Sometimes all it takes is the “perfect storm of events” to align a scientist with the passion that will drive their career. In 1969, Dr. Robert Orth walked into his advisor’s office as a new graduate student at the Virginia Institute of Marine Science (VIMS) with no idea of what he wanted to study other than he liked benthic dwelling animals. His advisor suggested researching animals in eelgrass beds with another PhD student who was conducting some of the first faunal work done on eelgrass in the Chesapeake Bay region. Orth knew he loved research and working with animals in seagrasses, but had no inkling as to what lie ahead of him in this chosen path of research. While doing his masters research on eelgrass infauna, he was also involved in marsh ecology studies as a research assistant in his advisor’s lab. Orth was then recruited by a professor in Maryland to help with their marsh work as a PhD student at the University of Maryland. However, after arriving at Maryland in 1971, his committee suggested he continue his work on eelgrass animals, as it seemed more exciting and allowed him to build on what he did for his master’s work. What he didn’t know at that time was that, by continuing his work in eelgrass beds rather than marshes, he had unknowingly set himself in an advantageous position within an area of research that was about to explode. In June,1972, Tropical Storm Agnes reached the shores of the Chesapeake Bay and altered the future of seagrass in the bay and Dr. Orth’s career. Reflecting years later, Tropical Storm Agnes became known as the storm that transformed an already evolving Chesapeake Bay and Dr. Orth, now directing the Submerged Aquatic Vegetation (SAV) lab at VIMS, found himself at the forefront of a major research movement in restoring seagrass ecosystems around the world.
Eelgrass (Zostera marina), the most common saltwater seagrass in the bay, was historically taken for granted as it was found throughout the lower bay and was often even considered a nuisance. When Tropical Storm Agnes hit in the summer of ’72, it brought with it huge amounts of freshwater and sediment that devastated underwater grass communities. It was literally the ‘coup de grace’ that essentially changed the face of the bay overnight. Over 50% of the eelgrass that had been present over the previous decade was lost with little hope of being restored. In 1978, the Chesapeake Bay Program (CBP) was founded and it immediately identified the 10 major environmental concerns that they wanted to address. Of the top 3 areas selected for funding, seagrass research was one of them. Dr. Orth received funding from CBP to conduct research regarding eelgrass restoration. As seagrasses were largely understudied before their devastation, Dr. Orth and his team had to start at the beginning, looking at their basic biology and their role in the marine environment.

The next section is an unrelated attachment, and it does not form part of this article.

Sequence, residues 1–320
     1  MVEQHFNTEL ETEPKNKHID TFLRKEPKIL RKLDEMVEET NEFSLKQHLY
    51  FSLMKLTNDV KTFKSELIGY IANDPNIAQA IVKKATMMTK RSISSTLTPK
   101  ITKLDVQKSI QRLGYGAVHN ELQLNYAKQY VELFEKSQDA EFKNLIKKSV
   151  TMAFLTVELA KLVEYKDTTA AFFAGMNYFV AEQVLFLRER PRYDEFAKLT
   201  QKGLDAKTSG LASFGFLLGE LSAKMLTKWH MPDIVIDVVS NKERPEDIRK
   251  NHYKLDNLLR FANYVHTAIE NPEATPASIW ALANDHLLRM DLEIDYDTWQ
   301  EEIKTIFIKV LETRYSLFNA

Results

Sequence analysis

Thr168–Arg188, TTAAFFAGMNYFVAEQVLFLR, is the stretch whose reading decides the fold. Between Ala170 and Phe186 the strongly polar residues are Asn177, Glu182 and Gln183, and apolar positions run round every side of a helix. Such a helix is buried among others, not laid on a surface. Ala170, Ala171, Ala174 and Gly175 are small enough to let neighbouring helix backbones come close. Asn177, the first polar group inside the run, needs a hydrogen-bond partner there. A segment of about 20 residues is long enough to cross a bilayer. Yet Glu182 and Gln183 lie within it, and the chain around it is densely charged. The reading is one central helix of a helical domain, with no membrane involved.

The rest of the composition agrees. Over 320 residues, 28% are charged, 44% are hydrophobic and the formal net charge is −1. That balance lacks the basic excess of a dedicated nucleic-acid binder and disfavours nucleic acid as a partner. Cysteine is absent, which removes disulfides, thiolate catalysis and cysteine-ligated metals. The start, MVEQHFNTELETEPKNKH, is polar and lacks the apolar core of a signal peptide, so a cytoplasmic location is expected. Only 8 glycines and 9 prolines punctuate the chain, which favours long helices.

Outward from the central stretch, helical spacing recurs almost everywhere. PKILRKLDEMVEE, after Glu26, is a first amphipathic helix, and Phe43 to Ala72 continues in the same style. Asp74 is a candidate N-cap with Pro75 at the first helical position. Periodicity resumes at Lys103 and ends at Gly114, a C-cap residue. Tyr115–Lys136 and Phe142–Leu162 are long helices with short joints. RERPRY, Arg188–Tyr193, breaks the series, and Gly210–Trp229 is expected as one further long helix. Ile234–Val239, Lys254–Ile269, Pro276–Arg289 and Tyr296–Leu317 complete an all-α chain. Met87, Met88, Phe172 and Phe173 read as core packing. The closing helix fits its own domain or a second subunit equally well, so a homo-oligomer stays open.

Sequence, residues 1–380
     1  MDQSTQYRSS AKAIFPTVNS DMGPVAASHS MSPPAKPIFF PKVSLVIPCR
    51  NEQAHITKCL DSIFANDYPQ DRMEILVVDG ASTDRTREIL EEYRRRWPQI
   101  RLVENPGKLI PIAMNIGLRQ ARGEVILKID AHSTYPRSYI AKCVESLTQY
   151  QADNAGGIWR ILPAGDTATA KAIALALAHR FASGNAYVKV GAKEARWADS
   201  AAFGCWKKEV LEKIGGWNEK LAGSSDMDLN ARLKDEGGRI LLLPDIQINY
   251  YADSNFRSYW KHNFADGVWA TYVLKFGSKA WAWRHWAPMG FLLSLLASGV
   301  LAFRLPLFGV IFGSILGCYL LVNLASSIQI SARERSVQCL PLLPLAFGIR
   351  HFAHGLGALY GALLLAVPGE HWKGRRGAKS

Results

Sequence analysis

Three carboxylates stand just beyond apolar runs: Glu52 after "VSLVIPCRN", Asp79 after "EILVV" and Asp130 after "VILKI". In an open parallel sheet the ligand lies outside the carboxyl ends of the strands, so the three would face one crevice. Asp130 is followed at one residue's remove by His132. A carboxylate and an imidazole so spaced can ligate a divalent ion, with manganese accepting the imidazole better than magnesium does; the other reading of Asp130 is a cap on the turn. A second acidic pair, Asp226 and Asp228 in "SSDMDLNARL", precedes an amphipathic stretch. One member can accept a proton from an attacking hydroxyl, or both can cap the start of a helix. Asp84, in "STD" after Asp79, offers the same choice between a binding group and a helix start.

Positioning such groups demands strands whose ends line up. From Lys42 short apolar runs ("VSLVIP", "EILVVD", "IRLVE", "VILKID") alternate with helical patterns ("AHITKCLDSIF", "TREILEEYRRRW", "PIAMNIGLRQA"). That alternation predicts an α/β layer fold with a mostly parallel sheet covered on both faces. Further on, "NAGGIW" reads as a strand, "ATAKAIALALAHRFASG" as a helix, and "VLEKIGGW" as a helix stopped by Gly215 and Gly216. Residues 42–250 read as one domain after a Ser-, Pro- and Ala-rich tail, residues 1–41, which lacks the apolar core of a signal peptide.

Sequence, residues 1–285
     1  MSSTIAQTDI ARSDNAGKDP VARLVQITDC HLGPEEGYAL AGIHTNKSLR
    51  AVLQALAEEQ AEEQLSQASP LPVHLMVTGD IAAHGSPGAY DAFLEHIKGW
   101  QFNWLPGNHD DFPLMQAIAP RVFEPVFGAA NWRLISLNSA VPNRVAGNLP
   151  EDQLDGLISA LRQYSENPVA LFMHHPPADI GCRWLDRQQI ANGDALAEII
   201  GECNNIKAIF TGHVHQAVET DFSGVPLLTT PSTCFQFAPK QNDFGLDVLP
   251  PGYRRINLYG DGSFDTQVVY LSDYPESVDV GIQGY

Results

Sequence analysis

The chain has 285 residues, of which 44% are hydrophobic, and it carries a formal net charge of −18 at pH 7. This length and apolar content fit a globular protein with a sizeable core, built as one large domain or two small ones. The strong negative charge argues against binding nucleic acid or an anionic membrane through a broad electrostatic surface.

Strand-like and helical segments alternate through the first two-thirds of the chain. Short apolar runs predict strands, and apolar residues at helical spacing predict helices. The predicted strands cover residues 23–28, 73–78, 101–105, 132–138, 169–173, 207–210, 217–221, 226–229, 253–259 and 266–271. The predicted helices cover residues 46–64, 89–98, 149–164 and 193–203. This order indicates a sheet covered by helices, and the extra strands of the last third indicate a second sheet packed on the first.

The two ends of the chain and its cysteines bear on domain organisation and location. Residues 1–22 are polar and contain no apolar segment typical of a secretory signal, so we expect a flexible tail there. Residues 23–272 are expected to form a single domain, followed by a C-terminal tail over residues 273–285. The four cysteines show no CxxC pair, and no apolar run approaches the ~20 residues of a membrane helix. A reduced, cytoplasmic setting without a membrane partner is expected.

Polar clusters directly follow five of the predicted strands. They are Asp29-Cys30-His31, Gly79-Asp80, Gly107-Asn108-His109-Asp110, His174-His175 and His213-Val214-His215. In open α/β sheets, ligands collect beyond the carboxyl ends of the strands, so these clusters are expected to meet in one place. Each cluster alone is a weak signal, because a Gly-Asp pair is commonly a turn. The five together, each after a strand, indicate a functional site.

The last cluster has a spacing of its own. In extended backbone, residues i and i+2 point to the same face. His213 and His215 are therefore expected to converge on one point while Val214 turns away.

With a piqued interest in seed ecology from some of that early basic work in the 1980s, Dr. Orth began to research everything from how seeds become dispersed from established beds to what triggers their germination. Orth found they could collect a lot of seeds and that they all germinated in November when water temperatures cooled, but debated methods for dispersing seeds throughout the bay. They eventually decided to test something as simple as broadcasting them from a boat. “We said ‘okay, let’s go to Mumfort Island and let us look at, if we just simply broadcast seeds, what happens.’…We put them out in October and we had no idea what we would see. …when we got up in the air the next spring, what we saw blew us away.”
Aerial photograph taken after Orth’s initial seed broadcast.
They could see near perfect lines of eelgrass growing along the exact transects that they had driven the boat over when dispersing the seeds. That simple photograph changed the course of history in Orth’s program and, most importantly, it revealed one of the mysteries of just how nature facilitates the recovery of seagrass meadows naturally with seeds. The most incredible find from the picture was that these seeds, which sink very fast, didn’t move far from their landing spot once they reached the sediment surface. They are buried rapidly, in some instances in minutes, usually by animals that live in the sediment (the animals Orth first studied in 1969) thus providing an explanation for the long lines of eelgrass that mirror the boat tracks.
Fast forward to the late 1990s when Orth, who had been attempting to restore lost eelgrass in the Chesapeake Bay, heard that someone found a couple of natural patches of eelgrass in one of Virginia’s seaside bays. This was shocking as no one had seen eelgrass in the seaside bays for decades following its disappearance in the 1930s. Orth had even tried transplanting eelgrass to one of the seaside bays in the early 1980s, but found his efforts to be unsuccessful. His early work seemed to support the prevailing thought was that these bays had become too turbid, or too dirty, to support regrowth of eelgrass. When Orth found those natural patches the proverbial ‘light’ went on – maybe it wasn’t because these bays were too turbid, maybe it was because eelgrass plants couldn’t get there. Perhaps it was because these coastal bays were so isolated from existing populations in the Chesapeake Bay and Chincoteague Bay to the north that it was impossible for eelgrass seeds to be transported there. Orth’s early research showed that floating flowering shoots of eelgrass carrying seeds were how eelgrass spreads to different places, another important discovery in the SAV lab. Thus was born a restoration program that, at the time no one, not even Orth, could have ever imagined its eventual outcome 15 years later.